*A word about participation: please be aware that my definition of participation does not include hiding behind a computer screen or a doodle pad. Unless we are actively working on a writing or research project, computers are to be completely closed and put away altogether. There will never be a time during class discussion that it’s okay to have earphones in your ears. Finally, while I understand that some people are able to focus better on what they’re hearing if they’re drawing or doodling, if I feel that your participation while you do such things is suffering, I will ask you to put them away.*
Assignments: As a practice, I don’t map out an entire course on a syllabus; I feel that limits the class too much and stifles our ability to follow fruitful tangents that may come up as a result of our thinking. That does not mean, however, that you won’t know about assignments in plenty of time to complete them. For day-to-day work, I will usually write the assignment on the board or simply tell you what we’re doing for the class. All homework is always posted on our class Haiku page. For major projects, I will print out an assignment sheet with detailed instructions and the assessment standards I will use to grade the work. These things will also be posted on the class webpage. It is your responsibility to understand the assignment completely before you begin; telling me that you “didn’t get it” is not an acceptable excuse for not having completed an assignment or for doing it poorly.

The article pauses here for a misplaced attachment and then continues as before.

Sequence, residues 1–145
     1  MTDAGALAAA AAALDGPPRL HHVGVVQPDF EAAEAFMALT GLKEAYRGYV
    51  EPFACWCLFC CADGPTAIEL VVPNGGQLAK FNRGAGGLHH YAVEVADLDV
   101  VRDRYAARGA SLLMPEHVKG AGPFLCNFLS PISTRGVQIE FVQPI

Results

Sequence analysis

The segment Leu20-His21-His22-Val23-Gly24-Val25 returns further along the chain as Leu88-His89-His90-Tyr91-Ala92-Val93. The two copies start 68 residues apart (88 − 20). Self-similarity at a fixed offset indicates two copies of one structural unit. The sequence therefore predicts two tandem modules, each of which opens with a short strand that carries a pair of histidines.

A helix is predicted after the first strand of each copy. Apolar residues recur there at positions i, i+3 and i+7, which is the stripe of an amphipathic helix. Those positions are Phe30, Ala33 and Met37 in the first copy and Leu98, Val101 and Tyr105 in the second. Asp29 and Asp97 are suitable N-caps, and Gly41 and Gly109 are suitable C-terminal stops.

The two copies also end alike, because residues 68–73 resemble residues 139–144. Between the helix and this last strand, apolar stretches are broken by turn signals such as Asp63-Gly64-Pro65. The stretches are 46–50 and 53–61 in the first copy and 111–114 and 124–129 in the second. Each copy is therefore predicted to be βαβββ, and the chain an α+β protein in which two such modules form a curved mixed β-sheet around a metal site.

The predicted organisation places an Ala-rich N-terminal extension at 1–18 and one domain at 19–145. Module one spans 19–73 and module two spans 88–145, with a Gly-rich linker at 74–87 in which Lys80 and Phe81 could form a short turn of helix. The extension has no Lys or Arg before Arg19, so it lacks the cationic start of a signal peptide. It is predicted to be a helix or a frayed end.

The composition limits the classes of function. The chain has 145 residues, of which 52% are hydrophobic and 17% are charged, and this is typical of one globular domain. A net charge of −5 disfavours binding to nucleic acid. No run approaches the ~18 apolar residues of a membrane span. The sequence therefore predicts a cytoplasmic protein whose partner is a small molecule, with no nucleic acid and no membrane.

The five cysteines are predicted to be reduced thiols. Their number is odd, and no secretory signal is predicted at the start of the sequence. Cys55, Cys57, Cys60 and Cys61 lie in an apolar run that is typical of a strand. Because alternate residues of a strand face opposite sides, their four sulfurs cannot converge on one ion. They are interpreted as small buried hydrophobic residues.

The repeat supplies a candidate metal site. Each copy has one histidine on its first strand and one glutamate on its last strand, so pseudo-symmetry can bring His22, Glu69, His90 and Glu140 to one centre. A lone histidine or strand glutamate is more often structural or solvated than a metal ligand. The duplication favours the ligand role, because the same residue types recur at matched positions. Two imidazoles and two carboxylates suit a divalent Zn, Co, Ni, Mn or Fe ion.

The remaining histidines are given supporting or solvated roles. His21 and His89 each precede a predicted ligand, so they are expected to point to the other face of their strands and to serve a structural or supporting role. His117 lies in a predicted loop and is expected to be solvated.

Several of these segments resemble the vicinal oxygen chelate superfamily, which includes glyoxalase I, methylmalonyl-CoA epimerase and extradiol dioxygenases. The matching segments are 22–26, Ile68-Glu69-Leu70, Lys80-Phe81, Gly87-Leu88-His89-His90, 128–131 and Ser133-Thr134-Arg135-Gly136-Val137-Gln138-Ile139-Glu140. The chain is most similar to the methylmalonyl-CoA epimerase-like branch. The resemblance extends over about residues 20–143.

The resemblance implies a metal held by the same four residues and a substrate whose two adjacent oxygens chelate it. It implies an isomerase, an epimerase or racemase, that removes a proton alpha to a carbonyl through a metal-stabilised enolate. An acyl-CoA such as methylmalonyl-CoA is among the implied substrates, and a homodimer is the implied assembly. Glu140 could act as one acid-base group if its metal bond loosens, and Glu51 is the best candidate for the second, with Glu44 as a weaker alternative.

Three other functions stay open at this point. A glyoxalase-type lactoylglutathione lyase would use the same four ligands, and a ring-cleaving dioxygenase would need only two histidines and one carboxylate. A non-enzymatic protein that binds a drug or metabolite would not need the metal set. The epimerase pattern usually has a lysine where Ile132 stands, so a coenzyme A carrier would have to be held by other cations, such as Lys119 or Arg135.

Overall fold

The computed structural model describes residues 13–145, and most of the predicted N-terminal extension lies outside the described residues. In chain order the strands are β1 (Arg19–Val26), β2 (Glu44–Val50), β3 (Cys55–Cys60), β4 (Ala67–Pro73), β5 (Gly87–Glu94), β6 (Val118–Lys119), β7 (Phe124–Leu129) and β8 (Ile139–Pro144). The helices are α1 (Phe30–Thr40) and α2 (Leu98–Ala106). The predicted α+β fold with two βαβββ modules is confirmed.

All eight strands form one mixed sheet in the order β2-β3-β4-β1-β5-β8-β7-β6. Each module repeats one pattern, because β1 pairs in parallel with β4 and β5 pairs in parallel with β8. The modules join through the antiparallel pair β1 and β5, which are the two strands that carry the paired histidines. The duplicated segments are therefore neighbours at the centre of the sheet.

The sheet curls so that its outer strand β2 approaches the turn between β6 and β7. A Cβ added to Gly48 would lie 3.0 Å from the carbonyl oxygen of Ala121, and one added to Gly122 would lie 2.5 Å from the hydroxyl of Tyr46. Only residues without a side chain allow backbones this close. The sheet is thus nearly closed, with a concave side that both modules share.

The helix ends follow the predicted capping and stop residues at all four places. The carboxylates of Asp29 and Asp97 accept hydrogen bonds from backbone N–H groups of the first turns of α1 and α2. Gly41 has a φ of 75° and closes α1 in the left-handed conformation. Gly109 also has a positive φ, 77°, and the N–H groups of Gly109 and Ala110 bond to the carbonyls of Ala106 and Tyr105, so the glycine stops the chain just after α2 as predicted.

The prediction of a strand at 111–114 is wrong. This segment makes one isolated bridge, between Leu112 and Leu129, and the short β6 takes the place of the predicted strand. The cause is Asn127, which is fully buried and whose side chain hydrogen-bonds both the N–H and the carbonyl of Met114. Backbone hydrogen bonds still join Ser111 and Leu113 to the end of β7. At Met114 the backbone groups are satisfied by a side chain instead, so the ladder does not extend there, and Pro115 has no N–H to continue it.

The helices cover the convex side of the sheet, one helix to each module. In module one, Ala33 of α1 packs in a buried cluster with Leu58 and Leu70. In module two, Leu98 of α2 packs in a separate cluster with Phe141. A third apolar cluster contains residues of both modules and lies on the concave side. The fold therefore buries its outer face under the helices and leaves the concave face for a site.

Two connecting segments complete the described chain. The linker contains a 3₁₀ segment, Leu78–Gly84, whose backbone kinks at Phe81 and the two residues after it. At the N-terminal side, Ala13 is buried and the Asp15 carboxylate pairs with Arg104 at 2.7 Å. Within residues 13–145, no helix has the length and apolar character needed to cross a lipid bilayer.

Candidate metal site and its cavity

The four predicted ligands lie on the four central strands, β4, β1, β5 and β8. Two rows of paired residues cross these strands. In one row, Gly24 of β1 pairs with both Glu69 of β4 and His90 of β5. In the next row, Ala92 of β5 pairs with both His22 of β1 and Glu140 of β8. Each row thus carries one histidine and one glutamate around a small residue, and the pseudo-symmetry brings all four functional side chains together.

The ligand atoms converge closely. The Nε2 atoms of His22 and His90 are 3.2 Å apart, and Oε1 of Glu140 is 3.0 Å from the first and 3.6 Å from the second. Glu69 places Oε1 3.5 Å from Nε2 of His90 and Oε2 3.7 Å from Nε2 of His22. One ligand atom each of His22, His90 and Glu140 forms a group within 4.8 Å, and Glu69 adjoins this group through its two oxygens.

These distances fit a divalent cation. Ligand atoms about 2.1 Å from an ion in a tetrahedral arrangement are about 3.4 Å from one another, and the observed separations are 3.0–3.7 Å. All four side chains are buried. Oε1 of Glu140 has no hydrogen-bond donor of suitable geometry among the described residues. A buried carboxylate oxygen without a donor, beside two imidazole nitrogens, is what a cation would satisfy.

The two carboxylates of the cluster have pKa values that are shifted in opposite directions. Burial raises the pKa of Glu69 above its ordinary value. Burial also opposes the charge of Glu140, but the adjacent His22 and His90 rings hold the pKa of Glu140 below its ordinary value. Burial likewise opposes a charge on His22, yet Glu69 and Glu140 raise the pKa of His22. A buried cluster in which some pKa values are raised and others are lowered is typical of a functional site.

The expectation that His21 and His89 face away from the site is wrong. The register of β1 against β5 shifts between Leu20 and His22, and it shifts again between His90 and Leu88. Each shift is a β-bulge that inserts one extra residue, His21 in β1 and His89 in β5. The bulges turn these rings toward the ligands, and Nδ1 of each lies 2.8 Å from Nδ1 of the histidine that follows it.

Unless you are absent from school, work not handed in on the due date will not be accepted and will count as a zero in your grade. If you are absent from class, it is your responsibility to find out what, if any, homework was assigned that day and to have it ready when you return to school. I do not offer make-up or extra credit work; I do, however, negotiate due dates with students who have legitimate reasons for not being able to complete an assignment on time. If you think you’re going to run into trouble getting something in when it’s due, let me know and we’ll come to an agreement that meets both of our needs. I will make every effort to have your work graded and returned to you in a timely fashion. Please keep in mind, however, that you only had to write one paper; I’ll have to read and assess everyone’s work.
Books and Permission Forms: All students must have all required texts by the second week of class. Failure to obtain the texts will result in your being administratively dropped from the course. Permission forms for the entire semester’s film schedule must be signed by a parent or guardian and returned before the first scheduled screening (likely the third class of the term). Failure to return the permission slip will result in your being administratively dropped from the course. Please email me directly if there are any questions or concerns about the films we’ll be viewing; I’ll be happy to address specific goals and objectives for the film(s) in question.